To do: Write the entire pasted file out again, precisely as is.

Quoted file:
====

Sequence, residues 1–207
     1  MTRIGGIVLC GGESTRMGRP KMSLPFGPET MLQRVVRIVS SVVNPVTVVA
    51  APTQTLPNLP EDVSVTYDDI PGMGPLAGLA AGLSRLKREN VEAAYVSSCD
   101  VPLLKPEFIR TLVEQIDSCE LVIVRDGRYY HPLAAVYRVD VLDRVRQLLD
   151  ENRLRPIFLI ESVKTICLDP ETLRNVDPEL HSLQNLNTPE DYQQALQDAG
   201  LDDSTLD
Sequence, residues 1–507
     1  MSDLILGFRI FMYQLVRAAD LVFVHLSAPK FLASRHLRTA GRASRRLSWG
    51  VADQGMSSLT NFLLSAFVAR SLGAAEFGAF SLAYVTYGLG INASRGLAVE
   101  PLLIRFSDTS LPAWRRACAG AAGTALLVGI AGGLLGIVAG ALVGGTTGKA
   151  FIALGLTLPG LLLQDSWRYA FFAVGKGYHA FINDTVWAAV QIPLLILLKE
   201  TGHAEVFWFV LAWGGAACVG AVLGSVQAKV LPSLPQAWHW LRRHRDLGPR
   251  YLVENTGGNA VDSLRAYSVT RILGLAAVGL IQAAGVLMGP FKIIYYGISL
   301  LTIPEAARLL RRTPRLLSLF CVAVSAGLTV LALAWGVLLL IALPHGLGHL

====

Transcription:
Sequence, residues 1–207
     1  MTRIGGIVLC GGESTRMGRP KMSLPFGPET MLQRVVRIVS SVVNPVTVVA
    51  APTQTLPNLP EDVSVTYDDI PGMGPLAGLA AGLSRLKREN VEAAYVSSCD
   101  VPLLKPEFIR TLVEQIDSCE LVIVRDGRYY HPLAAVYRVD VLDRVRQLLD
   151  ENRLRPIFLI ESVKTICLDP ETLRNVDPEL HSLQNLNTPE DYQQALQDAG
   201  LDDSTLD
Sequence, residues 1–507
     1  MSDLILGFRI FMYQLVRAAD LVFVHLSAPK FLASRHLRTA GRASRRLSWG
    51  VADQGMSSLT NFLLSAFVAR SLGAAEFGAF SLAYVTYGLG INASRGLAVE
   101  PLLIRFSDTS LPAWRRACAG AAGTALLVGI AGGLLGIVAG ALVGGTTGKA
   151  FIALGLTLPG LLLQDSWRYA FFAVGKGYHA FINDTVWAAV QIPLLILLKE
   201  TGHAEVFWFV LAWGGAACVG AVLGSVQAKV LPSLPQAWHW LRRHRDLGPR
   251  YLVENTGGNA VDSLRAYSVT RILGLAAVGL IQAAGVLMGP FKIIYYGISL
   301  LTIPEAARLL RRTPRLLSLF CVAVSAGLTV LALAWGVLLL IALPHGLGHL